The name Larry S. Crumpler (’97 MS) is well known to anyone with an interest in Mars. The planetary geologist – research curator of Volcanology and Space Science at The New Mexico Museum of Natural History, as well as member of the NASA Mars Perseverance Rover mission team — is so connected to Mars that one geographical location on the red planet has been unofficially named Larry’s Lookout. So who else to write a hefty 300-plus page tome on the exploration of Mars? Missions to Mars (Harper Design, 2021) is chock full of maps and color photos and narrated as only Crumpler could, with intimate knowledge of the Opportunity, Spirit and Perseverance rover missions. “Mission to Mars” also serves as a professional autobiography of Crumpler, who began his life in the space age peering at the sky through a telescope in his backyard and honed his interest in space while he was a graduate student in UNM’s Department of Geology. Crumpler takes through the story of Mars exploration from his first job in 1976 helping to choose the landing site of the Viking 2 Lander to his place on the Perseverance mission in 2020.

Women of the Ivory Coast and Mali cover

Nancy Lensen-Tomasson (’73 MA, ’78 MFA) was an associate professor of photography at Virginia Commonwealth University from 1979 to 1996. In 1989 she joined a group from the Parsons School of Design for five weeks of study in the Ivory Coast in West Africa. Her aim was to photograph women in their daily lives as she puts it, “revealing their communal, creative and spiritual contributions to their cultures.” In 1992, she joined a group from the Museum of African Art in New York for a stint in Mali, focusing on the cultures of the Bama, Bozo, Fulani and Gogan people. A lot has changed in Ivory Coast and Mali since then. Ivory Coast underwent civil war and Mali has undergone numerous military coups. Women cooking, dancing, tending yam fields, planting millet, weaving grass mats and firing pots fill the pages of Women of the Ivory Coast and Mali: Photographs of a Heritage (2021). In a foreword, Steve Yates, the founding curator of photography at the Museum of New Mexico, notes that the dozens of photographs collected in this book “stand as unique testimony now.”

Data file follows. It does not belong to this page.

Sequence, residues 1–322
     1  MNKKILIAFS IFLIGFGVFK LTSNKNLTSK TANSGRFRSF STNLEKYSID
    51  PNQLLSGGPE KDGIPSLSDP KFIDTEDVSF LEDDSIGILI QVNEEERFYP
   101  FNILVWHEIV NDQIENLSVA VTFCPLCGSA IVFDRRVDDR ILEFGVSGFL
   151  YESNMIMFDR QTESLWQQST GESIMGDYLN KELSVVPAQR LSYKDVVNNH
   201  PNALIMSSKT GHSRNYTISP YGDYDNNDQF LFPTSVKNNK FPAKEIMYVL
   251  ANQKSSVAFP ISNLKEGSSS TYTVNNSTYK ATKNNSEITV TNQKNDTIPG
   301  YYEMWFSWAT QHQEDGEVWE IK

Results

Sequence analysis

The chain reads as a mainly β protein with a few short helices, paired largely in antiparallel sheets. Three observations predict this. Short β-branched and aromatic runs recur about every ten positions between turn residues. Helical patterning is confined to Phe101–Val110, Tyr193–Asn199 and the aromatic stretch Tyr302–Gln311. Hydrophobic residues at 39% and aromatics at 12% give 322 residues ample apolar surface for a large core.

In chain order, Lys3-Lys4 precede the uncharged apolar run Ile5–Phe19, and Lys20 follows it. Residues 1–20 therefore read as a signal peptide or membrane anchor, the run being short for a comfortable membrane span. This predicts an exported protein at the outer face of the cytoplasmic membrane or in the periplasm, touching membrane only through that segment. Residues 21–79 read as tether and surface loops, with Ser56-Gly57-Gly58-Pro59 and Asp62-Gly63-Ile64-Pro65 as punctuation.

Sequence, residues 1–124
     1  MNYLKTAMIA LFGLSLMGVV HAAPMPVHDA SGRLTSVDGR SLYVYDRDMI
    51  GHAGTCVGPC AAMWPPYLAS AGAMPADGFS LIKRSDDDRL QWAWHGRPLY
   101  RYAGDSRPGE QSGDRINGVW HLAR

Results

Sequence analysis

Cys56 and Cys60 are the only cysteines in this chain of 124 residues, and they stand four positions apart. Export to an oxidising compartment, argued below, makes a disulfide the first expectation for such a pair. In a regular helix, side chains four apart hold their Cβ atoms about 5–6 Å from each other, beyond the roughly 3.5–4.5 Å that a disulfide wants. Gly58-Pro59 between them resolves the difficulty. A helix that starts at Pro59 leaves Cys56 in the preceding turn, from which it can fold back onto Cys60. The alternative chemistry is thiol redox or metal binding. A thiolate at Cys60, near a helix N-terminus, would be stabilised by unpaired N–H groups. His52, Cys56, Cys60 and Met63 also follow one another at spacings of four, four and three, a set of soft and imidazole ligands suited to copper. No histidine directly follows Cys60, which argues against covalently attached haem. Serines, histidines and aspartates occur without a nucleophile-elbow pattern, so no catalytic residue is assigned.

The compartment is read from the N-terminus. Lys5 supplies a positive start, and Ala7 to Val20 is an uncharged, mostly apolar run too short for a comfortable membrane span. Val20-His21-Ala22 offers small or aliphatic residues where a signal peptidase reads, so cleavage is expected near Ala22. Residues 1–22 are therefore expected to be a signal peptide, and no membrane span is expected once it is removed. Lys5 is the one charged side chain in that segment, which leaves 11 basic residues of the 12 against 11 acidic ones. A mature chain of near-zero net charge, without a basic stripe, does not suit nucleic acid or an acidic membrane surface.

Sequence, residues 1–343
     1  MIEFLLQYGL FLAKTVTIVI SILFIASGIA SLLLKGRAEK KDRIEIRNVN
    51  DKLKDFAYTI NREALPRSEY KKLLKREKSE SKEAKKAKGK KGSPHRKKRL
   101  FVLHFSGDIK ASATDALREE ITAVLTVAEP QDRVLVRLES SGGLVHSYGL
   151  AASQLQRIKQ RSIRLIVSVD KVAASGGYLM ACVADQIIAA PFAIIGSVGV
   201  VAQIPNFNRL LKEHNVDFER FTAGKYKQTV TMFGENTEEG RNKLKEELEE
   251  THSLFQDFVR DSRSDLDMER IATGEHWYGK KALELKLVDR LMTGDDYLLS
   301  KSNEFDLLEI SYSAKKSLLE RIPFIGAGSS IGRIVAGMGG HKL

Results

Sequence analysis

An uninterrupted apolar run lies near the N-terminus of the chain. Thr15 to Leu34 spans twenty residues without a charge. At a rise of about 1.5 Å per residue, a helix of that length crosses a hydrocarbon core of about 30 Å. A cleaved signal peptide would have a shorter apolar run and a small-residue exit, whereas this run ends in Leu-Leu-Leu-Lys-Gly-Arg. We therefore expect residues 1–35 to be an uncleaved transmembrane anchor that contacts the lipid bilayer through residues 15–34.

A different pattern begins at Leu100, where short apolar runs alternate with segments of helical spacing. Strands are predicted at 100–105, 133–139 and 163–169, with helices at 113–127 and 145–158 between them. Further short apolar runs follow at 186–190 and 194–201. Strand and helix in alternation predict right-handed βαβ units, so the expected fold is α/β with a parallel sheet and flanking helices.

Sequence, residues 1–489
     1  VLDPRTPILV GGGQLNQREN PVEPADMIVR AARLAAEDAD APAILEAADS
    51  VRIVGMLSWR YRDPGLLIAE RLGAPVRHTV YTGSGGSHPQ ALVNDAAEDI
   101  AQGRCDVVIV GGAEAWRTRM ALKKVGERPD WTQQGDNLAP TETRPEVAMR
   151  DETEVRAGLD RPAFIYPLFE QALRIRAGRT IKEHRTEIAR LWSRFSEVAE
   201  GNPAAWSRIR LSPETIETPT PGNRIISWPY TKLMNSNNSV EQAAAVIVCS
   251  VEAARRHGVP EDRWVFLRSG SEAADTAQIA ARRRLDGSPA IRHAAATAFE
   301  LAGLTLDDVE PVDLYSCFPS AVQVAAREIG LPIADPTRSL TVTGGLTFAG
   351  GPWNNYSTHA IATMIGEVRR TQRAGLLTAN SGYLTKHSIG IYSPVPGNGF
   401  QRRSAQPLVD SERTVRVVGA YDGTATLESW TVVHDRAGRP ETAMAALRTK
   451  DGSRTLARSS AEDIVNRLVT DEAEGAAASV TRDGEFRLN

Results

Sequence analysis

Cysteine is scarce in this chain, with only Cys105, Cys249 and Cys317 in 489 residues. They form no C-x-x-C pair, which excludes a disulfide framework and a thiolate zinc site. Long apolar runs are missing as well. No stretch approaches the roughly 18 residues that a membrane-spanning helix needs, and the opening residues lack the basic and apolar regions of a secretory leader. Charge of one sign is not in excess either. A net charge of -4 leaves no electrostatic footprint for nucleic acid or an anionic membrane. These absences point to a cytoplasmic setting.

Was it Spectactular cover

Anne B. Thomas (’80 BUS, ’83 JD) is 18 and just out of a long painful rehab for a broken spinal cord. Once again, she is in a doctor’s office for a complication from her injury, this time a urinary tract infection. The doctor looks at her file and says, “I think you need to seriously consider checking yourself into a nursing home.” It will prevent her from becoming a lifelong burden to her family, he says. Thomas is devastated and forms a steely resolve to prove him wrong. Paralyzed in a car accident in Spain in 1976, Thomas enrolls at UNM at 20 and begins to live an independent life that will take her to Washington, D.C., to work for the Equal Opportunity Commission and the World Bank. In Was it Spectacular? (Allison M. Yabroff, 2020), Thomas, who died in 2019, recounts her struggles and triumphs. In 1990, she returned to UNM and served as director of the Office of Equal Opportunity. “Ever since the accident,” Thomas writes, “I’ve listened to that voice inside me that guides me, urges me on, encourages me to try. There is no regret. The accident forged me, toughened me, drove me to achieve, to prove my worth. It’s been a good ride.” Proceeds of the book go to the Anne B. Thomas No Bounds Scholarship at the UNM Foundation.

Ramadan in Summer cover

Bruce Parker (’81 MA) has collected two dozen poems in Ramadan in Summer (Finishing Line Press, 2022). Parker, worked abroad with the State Department, and his title poem explores the push and pull of fasting during Ramadan in Islamabad where he worked. In other poems, he explores the transitions and impermanence of life. “A Blameless Life” is short and elegant: “I sit/and nap/ in the hot sun, /still until/ my dream dries up, then/ go inside. Indoors I wake,/dodge the smother of sleep,/put it off./Call me into the shade,/mine a blameless/ life when my acts/are forgotten, this age/not held against me.”

Thin Veil cover